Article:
Over the past 10 years, core PCE inflation has averaged 1.5%. The latest print is exactly there. For the previous 14 years, core PCE inflation averaged 1.85%. No one complained, in part because there was no magic 2% target. Inflation only had to be “low & stable”.
The charts help explain. With stable nominal spending (NGDP) growth, you get stable inflation. With lower and stable NGDP growth, you get lower, but still stable inflation.
So there´s no mystery. If the Fed wants inflation closer to the 2% target, it has to increase the growth rate of nominal spending.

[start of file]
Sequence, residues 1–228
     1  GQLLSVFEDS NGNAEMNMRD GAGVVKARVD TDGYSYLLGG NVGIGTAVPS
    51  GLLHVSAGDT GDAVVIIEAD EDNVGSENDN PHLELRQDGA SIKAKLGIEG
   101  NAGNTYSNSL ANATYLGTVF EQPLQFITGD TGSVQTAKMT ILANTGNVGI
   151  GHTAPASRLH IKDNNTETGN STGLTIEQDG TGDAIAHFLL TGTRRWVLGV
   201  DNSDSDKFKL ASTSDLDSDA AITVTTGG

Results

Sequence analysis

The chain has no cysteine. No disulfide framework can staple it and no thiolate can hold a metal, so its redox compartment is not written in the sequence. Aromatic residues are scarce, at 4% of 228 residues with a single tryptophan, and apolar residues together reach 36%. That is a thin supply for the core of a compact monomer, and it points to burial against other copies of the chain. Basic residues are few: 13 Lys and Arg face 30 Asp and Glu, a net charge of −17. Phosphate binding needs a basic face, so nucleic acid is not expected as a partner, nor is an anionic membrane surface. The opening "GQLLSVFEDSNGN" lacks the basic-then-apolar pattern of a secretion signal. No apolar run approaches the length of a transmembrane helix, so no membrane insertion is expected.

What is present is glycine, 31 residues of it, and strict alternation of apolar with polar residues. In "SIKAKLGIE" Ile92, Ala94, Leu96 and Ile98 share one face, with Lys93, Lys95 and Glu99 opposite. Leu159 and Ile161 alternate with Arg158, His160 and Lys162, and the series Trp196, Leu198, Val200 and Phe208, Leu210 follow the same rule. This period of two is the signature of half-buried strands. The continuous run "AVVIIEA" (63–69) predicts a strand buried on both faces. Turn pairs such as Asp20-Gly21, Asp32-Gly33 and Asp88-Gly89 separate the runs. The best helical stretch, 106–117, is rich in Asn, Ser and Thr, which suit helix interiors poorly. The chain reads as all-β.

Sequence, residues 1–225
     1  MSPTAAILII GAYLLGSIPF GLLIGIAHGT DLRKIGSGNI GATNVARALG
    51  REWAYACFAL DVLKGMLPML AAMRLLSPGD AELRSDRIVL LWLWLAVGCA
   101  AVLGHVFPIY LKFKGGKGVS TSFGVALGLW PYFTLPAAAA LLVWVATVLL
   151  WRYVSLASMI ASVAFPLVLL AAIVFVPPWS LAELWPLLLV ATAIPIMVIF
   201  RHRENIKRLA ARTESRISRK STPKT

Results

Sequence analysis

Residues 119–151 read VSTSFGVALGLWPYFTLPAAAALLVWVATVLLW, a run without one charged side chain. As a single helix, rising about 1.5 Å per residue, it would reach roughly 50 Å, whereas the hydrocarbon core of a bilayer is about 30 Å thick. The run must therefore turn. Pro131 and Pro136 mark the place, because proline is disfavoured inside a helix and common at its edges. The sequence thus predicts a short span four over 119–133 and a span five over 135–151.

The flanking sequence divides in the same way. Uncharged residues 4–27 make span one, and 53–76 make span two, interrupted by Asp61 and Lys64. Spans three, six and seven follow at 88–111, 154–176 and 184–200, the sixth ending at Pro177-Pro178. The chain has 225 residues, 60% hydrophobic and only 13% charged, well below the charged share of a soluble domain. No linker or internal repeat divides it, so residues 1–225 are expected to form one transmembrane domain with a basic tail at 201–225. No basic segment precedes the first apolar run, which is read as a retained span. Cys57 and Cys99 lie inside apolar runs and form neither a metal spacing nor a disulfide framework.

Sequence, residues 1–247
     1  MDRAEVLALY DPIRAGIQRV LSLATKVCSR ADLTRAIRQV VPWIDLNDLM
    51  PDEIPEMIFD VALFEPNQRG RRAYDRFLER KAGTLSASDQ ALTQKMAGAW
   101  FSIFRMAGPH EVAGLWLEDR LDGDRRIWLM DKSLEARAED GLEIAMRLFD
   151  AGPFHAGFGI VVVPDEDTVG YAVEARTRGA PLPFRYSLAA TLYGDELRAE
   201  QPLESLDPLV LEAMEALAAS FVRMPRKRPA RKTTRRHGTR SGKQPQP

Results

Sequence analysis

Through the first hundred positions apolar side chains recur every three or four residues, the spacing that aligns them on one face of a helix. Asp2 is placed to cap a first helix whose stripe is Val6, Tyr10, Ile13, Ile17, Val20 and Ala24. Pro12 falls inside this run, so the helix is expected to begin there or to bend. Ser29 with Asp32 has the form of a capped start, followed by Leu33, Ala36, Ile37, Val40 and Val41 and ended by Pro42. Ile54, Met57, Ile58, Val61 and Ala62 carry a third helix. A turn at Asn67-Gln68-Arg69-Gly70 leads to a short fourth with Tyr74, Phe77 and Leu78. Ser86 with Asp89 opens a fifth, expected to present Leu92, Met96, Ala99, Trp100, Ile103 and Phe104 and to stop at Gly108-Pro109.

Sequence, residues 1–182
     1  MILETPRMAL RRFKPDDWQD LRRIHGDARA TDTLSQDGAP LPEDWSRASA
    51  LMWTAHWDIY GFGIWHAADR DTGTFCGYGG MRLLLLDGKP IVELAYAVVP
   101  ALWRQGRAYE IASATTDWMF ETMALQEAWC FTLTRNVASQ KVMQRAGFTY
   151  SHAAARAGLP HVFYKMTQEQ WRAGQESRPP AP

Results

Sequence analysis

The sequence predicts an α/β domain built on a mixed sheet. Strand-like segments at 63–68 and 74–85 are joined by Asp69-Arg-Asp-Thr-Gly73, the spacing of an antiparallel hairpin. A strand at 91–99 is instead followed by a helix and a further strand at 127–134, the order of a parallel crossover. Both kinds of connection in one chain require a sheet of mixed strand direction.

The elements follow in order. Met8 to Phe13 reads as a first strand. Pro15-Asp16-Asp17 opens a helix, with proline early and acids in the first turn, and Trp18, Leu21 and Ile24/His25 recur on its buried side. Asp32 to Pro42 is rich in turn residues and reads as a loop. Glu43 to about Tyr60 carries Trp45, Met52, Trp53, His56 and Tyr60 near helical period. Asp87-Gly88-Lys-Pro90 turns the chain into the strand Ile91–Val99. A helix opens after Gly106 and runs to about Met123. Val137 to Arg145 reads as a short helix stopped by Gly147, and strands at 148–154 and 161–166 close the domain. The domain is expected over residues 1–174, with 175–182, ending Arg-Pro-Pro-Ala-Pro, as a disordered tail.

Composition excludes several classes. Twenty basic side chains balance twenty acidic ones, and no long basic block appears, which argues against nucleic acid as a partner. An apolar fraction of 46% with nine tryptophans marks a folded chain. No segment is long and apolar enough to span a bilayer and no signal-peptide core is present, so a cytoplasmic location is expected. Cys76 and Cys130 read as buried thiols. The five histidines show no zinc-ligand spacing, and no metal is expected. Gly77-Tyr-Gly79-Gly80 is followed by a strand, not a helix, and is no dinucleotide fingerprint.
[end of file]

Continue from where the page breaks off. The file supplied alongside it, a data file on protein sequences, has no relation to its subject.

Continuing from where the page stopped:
There is, however, also a “levels” aspect. The charts show that the level of NGDP fell drastically after mid-2008, never “recovering”, just “expanding”.
Some recovery, even if to a level below the previous one, is certainly possible. If the Fed tried, it would do wonders for the economy, with real growth going up and inflation converging to target.
However, the Fed has decided that to “drive slowly is to grow longer”!